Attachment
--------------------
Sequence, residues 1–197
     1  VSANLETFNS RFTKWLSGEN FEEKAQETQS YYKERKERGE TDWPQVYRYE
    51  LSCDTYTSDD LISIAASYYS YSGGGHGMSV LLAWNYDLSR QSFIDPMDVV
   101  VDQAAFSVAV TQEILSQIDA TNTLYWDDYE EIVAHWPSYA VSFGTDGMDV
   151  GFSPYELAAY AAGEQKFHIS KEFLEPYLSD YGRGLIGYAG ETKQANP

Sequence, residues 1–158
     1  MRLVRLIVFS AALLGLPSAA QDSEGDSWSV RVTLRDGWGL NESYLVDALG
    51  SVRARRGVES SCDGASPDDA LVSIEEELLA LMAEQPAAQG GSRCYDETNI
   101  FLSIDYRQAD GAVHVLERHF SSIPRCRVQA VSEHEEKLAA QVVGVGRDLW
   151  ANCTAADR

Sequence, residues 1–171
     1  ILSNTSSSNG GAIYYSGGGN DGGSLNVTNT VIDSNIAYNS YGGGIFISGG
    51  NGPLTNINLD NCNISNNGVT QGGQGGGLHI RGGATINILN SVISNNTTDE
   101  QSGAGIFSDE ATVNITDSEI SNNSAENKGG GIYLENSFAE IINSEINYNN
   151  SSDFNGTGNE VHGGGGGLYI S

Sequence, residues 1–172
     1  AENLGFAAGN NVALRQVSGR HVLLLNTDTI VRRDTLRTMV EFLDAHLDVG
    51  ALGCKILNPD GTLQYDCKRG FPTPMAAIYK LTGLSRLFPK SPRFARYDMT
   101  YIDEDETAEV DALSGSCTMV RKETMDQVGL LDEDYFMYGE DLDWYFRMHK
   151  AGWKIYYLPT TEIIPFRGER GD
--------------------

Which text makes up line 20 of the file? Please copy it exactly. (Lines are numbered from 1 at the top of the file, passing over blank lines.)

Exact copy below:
   151  AGWKIYYLPT TEIIPFRGER GD